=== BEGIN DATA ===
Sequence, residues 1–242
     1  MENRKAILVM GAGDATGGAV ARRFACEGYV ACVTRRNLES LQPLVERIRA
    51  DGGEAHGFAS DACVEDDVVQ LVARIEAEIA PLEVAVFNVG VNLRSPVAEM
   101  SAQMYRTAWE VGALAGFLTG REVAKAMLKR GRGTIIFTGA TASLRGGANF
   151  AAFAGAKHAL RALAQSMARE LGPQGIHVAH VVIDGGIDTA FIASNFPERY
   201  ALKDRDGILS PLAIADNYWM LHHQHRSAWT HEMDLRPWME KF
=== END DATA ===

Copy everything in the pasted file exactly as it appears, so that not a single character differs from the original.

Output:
Sequence, residues 1–242
     1  MENRKAILVM GAGDATGGAV ARRFACEGYV ACVTRRNLES LQPLVERIRA
    51  DGGEAHGFAS DACVEDDVVQ LVARIEAEIA PLEVAVFNVG VNLRSPVAEM
   101  SAQMYRTAWE VGALAGFLTG REVAKAMLKR GRGTIIFTGA TASLRGGANF
   151  AAFAGAKHAL RALAQSMARE LGPQGIHVAH VVIDGGIDTA FIASNFPERY
   201  ALKDRDGILS PLAIADNYWM LHHQHRSAWT HEMDLRPWME KF